“Police are going to see through this and I don’t think it’s going to make any difference. Now, you’re gonna give us a contract when you could have don’t this two years ago? He should have given them their retro pay. But, he should never have waited all this time. That’s how this guy is. He wants to play hardball with everybody. Now, he needs something. Now, he wants to play nice guy with them.”

Both the Fraternal Order of Police and the Chicago Firefighters Union Local 2 endorsed mayoral challenger Gery Chico over Emanuel in 2011.

The best Emanuel can hope for is that they stay neutral this time.

But Lewis argued that it won’t matter.

“I know what their rank-and-file will do. They won’t vote for him. They don’t like him,” she said.

“What they’ve told me is they feel very demoralized. They don’t like the notion he’s trying to rely on technology to do what real human beings need to do. They like the overtime money, but they’d also like some time off. Most of them are working almost every day. There are not enough people on the street. They don’t like the idea that’s he’s brought in outsiders and not moved people up through the ranks.”

Ald. Bob Fioretti (2nd) said he, too, believes police officers were “entitled” to back pay.

But, he said, “No mayor should have held that over anybody’s head. It was unfair to the men and women in blue who are on the front lines for us.”

Fioretti agreed with Lewis in arguing that Emanuel’s motives are political. He accused Emanuel of presiding over a scripted administration that’s “run by press releases and polling.”

“In the last few weeks — and in the next six months — he’s gonna do everything he can to try and win back the groups he has alienated,” the alderman said.

“It’s too little too late. It may satisfy them in terms of benefits, but will it satisfy them in terms of voting? That’s a different question. I hope they’re not used as political pawns.”

FOP President Dean Angelo was tied up in federal mediation and could not be reached for comment on the contract. He refused to reveal details in a text message to the Sun-Times.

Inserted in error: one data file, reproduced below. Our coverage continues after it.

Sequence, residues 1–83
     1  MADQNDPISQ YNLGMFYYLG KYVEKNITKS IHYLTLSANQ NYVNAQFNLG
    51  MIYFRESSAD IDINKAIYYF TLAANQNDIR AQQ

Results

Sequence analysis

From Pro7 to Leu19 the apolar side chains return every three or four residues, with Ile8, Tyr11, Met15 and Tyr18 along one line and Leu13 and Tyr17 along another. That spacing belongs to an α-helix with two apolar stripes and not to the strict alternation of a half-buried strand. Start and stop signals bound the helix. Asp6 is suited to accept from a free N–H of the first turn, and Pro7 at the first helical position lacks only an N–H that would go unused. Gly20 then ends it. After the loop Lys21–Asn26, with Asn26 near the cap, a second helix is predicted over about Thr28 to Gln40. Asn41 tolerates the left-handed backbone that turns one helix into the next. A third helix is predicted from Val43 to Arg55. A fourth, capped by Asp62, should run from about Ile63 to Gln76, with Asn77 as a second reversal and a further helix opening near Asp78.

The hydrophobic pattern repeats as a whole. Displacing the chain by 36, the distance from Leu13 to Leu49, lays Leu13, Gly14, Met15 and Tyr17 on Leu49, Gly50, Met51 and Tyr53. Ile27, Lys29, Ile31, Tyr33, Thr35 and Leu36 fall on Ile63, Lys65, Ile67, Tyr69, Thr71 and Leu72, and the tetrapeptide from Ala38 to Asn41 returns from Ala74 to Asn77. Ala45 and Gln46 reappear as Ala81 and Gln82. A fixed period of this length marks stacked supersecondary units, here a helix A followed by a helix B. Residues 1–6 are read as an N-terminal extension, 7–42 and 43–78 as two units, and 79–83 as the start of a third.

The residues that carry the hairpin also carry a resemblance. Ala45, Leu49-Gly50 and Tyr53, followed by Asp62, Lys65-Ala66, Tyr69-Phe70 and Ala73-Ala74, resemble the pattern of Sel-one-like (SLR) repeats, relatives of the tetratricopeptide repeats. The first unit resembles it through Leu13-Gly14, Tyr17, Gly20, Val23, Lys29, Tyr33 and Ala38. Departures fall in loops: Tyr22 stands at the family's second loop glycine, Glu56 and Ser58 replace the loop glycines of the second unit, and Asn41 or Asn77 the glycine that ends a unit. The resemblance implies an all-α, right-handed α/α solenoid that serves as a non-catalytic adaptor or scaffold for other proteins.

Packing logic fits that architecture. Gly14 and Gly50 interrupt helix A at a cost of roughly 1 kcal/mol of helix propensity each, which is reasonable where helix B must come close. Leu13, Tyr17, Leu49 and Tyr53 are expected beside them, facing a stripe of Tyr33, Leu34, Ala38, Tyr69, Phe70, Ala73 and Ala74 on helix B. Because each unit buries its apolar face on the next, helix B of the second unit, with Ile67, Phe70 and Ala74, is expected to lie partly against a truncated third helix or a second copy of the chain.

“Too soon to get into any specifics. We must go to committee, board and reps before we share details,” he wrote. Union reps are expected to be briefed on the contract on Friday.

Last year, now-ousted FOP President Mike Shields apologized to his members for paperwork mistakes that denied rank-and-file Chicago Police officers their automatic right to a retroactive pay raise.

Shields’ oversight was in failing to notify the city between Feb. 1 and March 1 of 2012 that he intended to terminate the police contract and commence negotiations on a new agreement. If that notice is not given within the one-month window, the contract automatically rolls over for another year.

The mistake gave Emanuel an opening to declare that, if the FOP wanted a pay raise retroactive to June 30, 2012, they would have to give up something to get it. It would no longer be automatic.

The move was widely viewed as the mayor’s attempt to get even with Shields for working to torpedo a four-year contract with police sergeants — tied to pension and retiree health care reform — that Emanuel had hoped to use a road map to solve the city’s pension crisis.

Shields was subsequently removed from office after making the explosive charge that the last two police contracts dictated by an independent arbitrator were “fixed” in the city’s favor and that the recent sergeants contract arbitration may also have been rigged. He has blamed attorneys for the oversights.

When Angelo was elected to replace Shields, he set out to chart a new course with Emanuel and urged the mayor to put a retroactive pay back on the table as a show of good faith that could set the stage to solve the city’s pension crisis.